Every time a cruise ship docks in Bimini, the population of this tiny archipelago just 50 miles off the coast of Miami could nearly double.

That may be profitable for a place that lives off tourism. But many worry the recent launch of a new cruise line disgorging hundreds of visitors each day could be too much of a good thing.

The ship is one component of a global casino company’s project to bring unprecedented waves of tourists to Bimini, which has long defied change. Some fear it will destroy a marine environment teeming with fish and coral, and ruin a diving and sport fishing capital of the world.

It’s also provoking somewhat of an existential crisis, posing a challenge to Bimini’s identity as a rustic and hard-to-reach getaway, known as a haunt of Ernest Hemingway.

“Unless you are a fisherman, a diver or a drunk there was no reason to come to Bimini. But they are changing that,” said dive shop operator Neal Watson. “It’s getting to be a different place.”

Changes are coming fast. Malaysia-based Genting Group is spending at least $300 million on Resorts World Bimini, quickly becoming the largest employer in the cluster of islands and creating sharp new demand for housing. Working in partnership with a Florida developer, the company opened a casino in June, expects to finish a 350-room hotel by Christmas and 50 luxury villas a month later. The company has plans for shopping, restaurants and nightclubs and is in the process of upgrading the airport to accommodate larger planes.

The Bahamian government has welcomed the project, but critics say the benefits come at too great a cost.

The Bahamas National Trust, a nongovernmental environmental organization created by Parliament, as well as researchers at the Bimini Biological Field Station say runoff from a proposed golf course would destroy a protected area of mangrove that acts as a nursery to the fish, conch and lobster that make the place a destination.

A secondary issue is the 1,000-foot jetty that Genting will build to shorten the time it takes to get off and on its ship, which began service in July. Opponents say the project will damage coral reefs; a company official says it complies with environmental regulations and that the site was chosen specifically to minimize any threat.

Genting insists the golf course is still under consideration and would only be built if it can be done in an environmentally sensitive way.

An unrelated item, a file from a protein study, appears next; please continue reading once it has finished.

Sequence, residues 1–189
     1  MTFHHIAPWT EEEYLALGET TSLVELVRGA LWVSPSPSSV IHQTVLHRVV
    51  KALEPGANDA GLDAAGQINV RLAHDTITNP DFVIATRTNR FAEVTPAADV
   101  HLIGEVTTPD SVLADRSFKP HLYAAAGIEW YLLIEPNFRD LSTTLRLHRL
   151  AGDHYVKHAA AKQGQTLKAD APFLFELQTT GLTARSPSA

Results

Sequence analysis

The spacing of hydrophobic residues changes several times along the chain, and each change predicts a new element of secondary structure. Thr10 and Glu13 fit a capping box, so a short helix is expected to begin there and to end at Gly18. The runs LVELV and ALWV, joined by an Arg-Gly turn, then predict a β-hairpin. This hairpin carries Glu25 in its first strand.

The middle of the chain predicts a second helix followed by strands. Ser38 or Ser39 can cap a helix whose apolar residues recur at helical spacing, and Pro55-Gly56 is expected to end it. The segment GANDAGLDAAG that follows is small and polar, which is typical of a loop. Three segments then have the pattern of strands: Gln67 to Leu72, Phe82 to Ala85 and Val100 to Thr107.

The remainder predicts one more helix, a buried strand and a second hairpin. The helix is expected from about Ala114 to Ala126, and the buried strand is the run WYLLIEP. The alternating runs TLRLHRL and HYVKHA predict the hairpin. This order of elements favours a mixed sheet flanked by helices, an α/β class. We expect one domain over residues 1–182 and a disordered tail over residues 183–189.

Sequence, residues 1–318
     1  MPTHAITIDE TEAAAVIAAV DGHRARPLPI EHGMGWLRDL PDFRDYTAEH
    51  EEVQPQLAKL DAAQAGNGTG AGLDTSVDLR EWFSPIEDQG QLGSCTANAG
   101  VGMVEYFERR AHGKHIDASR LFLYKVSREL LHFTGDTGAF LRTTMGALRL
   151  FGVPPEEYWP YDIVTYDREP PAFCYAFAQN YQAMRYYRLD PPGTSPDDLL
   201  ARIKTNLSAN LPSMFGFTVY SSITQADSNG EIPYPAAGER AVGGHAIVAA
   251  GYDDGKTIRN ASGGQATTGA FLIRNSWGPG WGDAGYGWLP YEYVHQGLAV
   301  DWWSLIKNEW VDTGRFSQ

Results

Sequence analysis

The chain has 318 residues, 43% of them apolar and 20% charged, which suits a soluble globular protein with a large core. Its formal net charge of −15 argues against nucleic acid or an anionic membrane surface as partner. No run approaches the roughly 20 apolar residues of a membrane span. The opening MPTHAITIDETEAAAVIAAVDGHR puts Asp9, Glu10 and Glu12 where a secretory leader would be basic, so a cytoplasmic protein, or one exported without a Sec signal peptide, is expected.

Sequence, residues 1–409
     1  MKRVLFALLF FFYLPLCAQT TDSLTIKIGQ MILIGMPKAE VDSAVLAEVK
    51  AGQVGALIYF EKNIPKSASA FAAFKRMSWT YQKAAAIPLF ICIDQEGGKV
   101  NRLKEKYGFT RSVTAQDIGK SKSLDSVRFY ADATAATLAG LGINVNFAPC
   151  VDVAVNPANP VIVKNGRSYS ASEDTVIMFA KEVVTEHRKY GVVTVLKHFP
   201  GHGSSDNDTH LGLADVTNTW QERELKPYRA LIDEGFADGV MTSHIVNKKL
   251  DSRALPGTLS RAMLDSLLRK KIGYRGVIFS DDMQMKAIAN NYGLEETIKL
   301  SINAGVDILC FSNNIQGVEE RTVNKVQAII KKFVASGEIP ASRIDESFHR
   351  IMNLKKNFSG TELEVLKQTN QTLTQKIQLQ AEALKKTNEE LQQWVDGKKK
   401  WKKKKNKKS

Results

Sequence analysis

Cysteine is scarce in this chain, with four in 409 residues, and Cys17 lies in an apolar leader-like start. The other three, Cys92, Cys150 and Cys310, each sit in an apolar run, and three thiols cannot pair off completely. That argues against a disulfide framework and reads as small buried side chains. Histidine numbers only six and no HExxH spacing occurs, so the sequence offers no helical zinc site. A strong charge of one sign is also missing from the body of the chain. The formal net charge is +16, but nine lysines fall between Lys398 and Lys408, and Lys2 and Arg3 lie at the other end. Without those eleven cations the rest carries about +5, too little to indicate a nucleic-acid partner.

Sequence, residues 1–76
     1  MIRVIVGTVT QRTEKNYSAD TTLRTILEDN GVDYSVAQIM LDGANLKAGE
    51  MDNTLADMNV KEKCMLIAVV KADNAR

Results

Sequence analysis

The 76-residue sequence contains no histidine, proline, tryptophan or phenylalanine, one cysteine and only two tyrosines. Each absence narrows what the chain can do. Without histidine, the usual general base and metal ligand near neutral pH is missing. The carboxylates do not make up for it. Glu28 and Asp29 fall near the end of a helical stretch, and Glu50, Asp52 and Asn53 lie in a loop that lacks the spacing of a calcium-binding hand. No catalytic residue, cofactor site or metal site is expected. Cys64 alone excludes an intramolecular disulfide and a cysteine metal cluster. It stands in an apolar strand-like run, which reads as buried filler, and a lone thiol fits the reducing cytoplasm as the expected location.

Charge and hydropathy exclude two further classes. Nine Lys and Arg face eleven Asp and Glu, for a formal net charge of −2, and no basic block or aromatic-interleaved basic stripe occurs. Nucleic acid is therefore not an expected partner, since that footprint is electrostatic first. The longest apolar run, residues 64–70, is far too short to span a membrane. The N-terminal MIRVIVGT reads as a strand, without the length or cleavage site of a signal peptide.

“We are not here to ruin what Bimini is, we are not here to ruin the water, we’re not here to ruin the pristine mangroves, the quaintness of the island,” Dana Leibovitz, president of Resorts World Bimini. “We want to integrate. We want to be part of the island and we want to continue for that to be the main draw to the island.”

Bimini only has a full time population of about 1,600, about the size of a full capacity cruise ship and has avoided mass tourism because of scarce air service and the passing Gulf Stream, which makes the crossing from South Florida too rough for small vessels much of the year.

For Eric Carey, executive director of the Bahamas National Trust, the Resorts World project is excessive for a place so small.

“Everyone understands that all of our islands rely on tourism,” Carey said. “But when one thinks about going beyond what’s there now, with a golf course and the jetty, well that borders on being out of scale.”

Thousands have come since the cruise ship service began operating, but Joseph Roberts, a commercial fisherman and proprietor of Joe’s Conch Shack, hasn’t seen enough new customers to allay concerns that development will contaminate the mangroves that partially encircle Bimini.

This is a place with a colorful history. In the colonial era, it was a hideout for pirates who stalked treasure-laden Spanish ships coming from South and Central America and the Caribbean. Bimini has also seen its share of glamour.

Hemingway visited in 1935 and then returned for the summers of 1936 and 1937, writing part of “To Have and Have Not” while there. Genting projects the number of visitors to Bimini will grow from 70,000 last year to 400,000 in 2014, which is likely to produce ripple effects throughout the local economy, a fact welcomed by Biminites like Robert Saunders, who works at a local hotel.

“There are people who don’t want any progress anywhere,” Saunders said. “There can be downsides and upsides, but I see more upsides.”AP